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Getting Started with WordPress

You’ve heard a lot about using WordPress to create a website or publish your ideas on the blogosphere. But how do you get started?

One way is to find a free WordPress training workshop. I would be happy to give one for your organization. (Contact me for more info.)

This brief online slideshow was prepared for a WordPress training workshop for Jewish B2B Networking.

Getting in Front of Your Audience by Email

Constant Contact newsletters we’ve designed and managed recently.

Some time ago, I wrote about whether the popular online communications tools (Survey Monkey, WordPress, etc.) are as user-friendly as they claim to be.

They’re getting better, of course. In particular, Constant Contact has been making frequent improvements in their user interface, as well as adding quite a few new templates.

That’s one of the reasons I signed up with Constant Contact to be a Solution Provider. Visit the Jonathan Lehrer Communications site for the whole story and how you can sign up for a 60-day free trial with Constant Contact.

You might also benefit from my critiques of some Constant Contact newsletters. Maybe you’ll pick up a few tips for your own email marketing efforts.

If you want to chat about what your organization might do with an email newsletter, I’m here to help.

Our communications know-how and editorial experience, along with the leading online newsletter provider is a combination that will turn you into a publisher-marketer.

Core Concept: Key Ingredient for Blogs, Facebook and More

Dear Mr. Communicator: Should I blog? Should I be on Twitter? — an executive looking for inspiration

Use your Fundamental Idea as the key ingredient, whether the recipe is for a blog, a website a company brochure or a white paper. If you get this right, you deserve latkes — potato pancakes — with applesauce (lower left).

When clients ask me these questions, the answer is almost always, “do you have something to say?” In other words, if you don’t have a message — a Core Concept — it’s fairly useless to worry about how you’ll deliver it.

To the business owner who dreams of getting a lot of “likes” on his Facebook postings, the concept of a message strategy can seem a bit foreign. So I illustrate it by talking about my favorite topic: dessert.

Lately, as I have been having occasional business meetings at Baker’s Square – for their free wireless Internet, of course – I’ve been thinking about pies.

Should I have Country Apple, French Apple or Apple Cinnamon? Should I accompany the pie with a cup of apple-flavored herbal tea?

They’re all different formats of apples, and obviously they couldn’t exist without the apple.

(At about this point, it should occur to you that in my fruit-flavored analogy, the apple represents the Core Concept. Clever, no?)

Let’s expand the analogy to include just plain apple slices, apple slices with peanut butter, apple slices in a salad, applesauce (on potato pancakes, of course), apple cider and taffy apples (a favorite of both my wife, Estee, and my daughter, Lia).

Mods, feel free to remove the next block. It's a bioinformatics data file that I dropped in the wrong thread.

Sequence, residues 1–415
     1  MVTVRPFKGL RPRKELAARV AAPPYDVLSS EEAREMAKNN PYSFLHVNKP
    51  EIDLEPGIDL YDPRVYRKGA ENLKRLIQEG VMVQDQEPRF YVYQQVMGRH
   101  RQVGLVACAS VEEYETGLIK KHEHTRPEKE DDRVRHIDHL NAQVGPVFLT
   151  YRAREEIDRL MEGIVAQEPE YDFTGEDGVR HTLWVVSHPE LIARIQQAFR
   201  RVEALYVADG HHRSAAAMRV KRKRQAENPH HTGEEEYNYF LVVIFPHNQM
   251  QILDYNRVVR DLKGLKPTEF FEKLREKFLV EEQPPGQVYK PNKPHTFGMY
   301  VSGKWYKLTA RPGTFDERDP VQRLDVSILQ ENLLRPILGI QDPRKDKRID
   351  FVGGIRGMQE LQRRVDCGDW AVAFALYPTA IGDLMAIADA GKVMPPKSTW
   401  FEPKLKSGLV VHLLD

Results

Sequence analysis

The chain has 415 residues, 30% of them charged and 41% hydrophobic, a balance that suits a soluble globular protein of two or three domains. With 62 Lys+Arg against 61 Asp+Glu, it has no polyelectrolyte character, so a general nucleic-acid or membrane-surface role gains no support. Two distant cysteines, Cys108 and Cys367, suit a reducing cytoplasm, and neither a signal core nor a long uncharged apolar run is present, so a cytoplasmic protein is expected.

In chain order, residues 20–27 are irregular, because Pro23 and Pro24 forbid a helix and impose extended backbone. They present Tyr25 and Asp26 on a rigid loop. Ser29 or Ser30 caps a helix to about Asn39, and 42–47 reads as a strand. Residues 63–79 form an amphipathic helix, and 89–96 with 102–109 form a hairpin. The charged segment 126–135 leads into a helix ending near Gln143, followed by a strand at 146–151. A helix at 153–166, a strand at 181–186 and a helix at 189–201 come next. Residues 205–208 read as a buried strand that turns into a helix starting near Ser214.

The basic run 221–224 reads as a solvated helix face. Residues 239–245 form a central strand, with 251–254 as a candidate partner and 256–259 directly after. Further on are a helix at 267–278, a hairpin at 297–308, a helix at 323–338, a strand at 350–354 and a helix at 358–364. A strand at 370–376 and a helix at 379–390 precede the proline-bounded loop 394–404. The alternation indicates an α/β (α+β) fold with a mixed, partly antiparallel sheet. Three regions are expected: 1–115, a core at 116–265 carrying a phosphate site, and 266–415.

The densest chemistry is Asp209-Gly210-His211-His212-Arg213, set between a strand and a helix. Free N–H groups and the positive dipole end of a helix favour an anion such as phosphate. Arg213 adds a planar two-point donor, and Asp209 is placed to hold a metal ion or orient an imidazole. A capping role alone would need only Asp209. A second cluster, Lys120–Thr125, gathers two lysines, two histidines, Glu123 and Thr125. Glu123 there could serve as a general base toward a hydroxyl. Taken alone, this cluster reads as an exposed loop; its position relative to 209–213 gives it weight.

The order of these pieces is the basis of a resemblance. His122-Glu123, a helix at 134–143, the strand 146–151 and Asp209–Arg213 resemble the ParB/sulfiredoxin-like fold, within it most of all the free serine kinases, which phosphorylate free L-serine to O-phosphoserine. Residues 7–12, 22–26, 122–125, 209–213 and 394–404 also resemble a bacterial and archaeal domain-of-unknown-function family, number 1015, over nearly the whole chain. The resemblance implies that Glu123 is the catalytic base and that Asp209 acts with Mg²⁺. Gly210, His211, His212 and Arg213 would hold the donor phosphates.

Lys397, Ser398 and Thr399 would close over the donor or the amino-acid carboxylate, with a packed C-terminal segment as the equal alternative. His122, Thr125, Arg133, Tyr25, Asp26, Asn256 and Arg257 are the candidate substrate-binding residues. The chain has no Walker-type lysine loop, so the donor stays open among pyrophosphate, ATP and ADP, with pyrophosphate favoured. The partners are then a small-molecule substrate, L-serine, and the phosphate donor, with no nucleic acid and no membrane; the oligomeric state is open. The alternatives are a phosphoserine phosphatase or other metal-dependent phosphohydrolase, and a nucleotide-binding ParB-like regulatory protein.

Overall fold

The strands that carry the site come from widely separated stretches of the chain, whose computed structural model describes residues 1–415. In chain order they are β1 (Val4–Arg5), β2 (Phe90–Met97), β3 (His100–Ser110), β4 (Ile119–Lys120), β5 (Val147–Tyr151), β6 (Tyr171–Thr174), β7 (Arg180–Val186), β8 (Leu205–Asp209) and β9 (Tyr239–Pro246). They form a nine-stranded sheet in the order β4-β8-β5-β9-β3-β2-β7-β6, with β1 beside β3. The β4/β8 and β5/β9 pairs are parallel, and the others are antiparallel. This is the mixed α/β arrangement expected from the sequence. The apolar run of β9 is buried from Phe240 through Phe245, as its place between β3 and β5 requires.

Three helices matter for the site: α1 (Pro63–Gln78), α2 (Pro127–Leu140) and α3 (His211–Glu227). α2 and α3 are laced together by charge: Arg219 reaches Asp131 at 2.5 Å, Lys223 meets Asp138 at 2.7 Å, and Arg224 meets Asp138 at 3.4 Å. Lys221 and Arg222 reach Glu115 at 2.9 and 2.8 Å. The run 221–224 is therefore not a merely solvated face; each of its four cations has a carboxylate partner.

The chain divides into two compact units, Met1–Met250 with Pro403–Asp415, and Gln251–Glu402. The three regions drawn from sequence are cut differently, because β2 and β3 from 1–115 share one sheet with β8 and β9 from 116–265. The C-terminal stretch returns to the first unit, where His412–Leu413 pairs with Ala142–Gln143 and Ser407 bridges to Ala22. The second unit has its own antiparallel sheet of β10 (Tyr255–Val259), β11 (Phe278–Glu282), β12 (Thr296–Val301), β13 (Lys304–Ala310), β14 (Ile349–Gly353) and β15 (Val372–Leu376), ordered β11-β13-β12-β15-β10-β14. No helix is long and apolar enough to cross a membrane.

Before Blogging, Know Your Basic Message

If you don’t have an apple – a Core Concept – you’ll have a hard time coming up with something to blog about on a regular basis.

But if you have a basic message, or a perspective on your business, you’ll never run out of topics.

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Business Card is No Longer the First Impression

I’m Proud of My Business Card

In the Internet Age, you need more than a nice business card to create a good first impression.

In the midst of a recent Communications Audit – that’s my term for a brainstorming session and review of marketing materials – a lively discussion developed on the topic of business cards.

In this Age of the Internet, ye olde business card remains an important marketing asset.

The discussion on this particular day was the value of embossing the firm’s logo on the card.

It’s a well-turned phrase, but also a truism, that a nicely embossed card creates a good impression.

Describing his embossed card, the client said, “When I present my business card to a customer, I feel proud about the way the card looks, and it shows that I’m proud of the business.” The sincerity in his voice and his dedication to running a customer-focused company helped me to understand why he is such a successful salesman.

Creating a Good First Impression on the Internet

But while we’re examining his embossed calling card, let’s also think about how effective it is in creating a first impression.

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New Website is Live — Now What?

Dear Mr. Communicator: We just went live with our new website. How do we get people to look at it? –a curious marketing manager

The kind of traffic your website needs

Take the right steps and traffic like this will be headed to your website.